Long’s job here is to protect the university, not Petrino. Frankly, based on what is in the public record, Long probably has enough to fire Petrino right now “for cause.” But Long also needs to gather additional facts to try and protect Arkansas from potential lawsuits from Dorrell, other mistresses that may be out there, and disgruntled job seekers. Long promised an expedited review, and there’s no reason not to take him at his word. Petrino’s fate may well be known within weeks if not days.




You must be logged in to post a comment. Please sign in or register

  • Firing Petrino would be stupid. So he can’t keep it in his pants, big deal. He wasn’t hired to be a preacher. He was hired as a football coach and has been one of the best that we’ve ever had. I understand that action should be taken for the fact that he left out information in his press conference and to his superiors, but firing him would be absolutely ridiculous.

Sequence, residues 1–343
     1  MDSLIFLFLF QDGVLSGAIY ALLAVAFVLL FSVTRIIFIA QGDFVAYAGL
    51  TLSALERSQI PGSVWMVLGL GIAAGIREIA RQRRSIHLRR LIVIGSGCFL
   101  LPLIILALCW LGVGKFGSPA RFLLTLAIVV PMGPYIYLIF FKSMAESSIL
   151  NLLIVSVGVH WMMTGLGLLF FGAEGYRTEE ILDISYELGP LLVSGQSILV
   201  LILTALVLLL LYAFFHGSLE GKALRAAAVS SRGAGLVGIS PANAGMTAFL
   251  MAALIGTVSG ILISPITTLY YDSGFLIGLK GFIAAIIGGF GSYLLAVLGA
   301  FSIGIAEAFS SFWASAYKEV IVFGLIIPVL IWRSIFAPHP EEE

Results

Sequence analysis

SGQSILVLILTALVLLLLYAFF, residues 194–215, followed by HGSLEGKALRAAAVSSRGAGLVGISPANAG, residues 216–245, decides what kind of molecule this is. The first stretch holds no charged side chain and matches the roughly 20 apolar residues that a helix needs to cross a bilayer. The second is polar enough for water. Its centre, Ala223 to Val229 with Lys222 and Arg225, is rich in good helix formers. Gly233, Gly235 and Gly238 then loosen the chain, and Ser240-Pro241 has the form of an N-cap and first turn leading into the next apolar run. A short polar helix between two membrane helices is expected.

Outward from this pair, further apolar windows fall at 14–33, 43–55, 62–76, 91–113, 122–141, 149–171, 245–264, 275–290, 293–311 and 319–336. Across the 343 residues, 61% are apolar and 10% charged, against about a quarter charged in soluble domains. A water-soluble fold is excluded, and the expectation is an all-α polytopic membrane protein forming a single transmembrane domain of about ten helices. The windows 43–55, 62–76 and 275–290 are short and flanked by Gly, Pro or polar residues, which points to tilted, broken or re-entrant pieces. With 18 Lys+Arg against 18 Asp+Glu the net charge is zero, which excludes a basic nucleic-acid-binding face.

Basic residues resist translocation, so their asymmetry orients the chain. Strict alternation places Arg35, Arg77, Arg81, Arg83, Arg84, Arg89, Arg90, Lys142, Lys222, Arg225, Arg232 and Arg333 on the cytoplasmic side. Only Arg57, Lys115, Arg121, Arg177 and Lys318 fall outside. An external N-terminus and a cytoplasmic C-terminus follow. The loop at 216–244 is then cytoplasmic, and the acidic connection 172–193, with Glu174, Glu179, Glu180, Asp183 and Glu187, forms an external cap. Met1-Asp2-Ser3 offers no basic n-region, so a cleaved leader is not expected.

• It is definitely a fascinating issue. Without Petrino, I’d argue that the Hogs wouldn’t be anywhere near they are right now with regards to competitiveness in the SEC. But…. this is a situation that would get most coaches fired I think especially at a major program.

  • He’s only human.

    Also, I wouldn’t be surprised to find that practically every head coach in the SEC had some variation of a young mistress… I mean come on, these guys are practically gods around here, Bobby Petrino’s name carries more clout than Chancellor gerhart and Jeff Long’s combined in Arkansas… I’m sorry but this just doesn’t surprise me that much

    I suppose I could understand if they fired him, though.

Continue scrolling for more articles.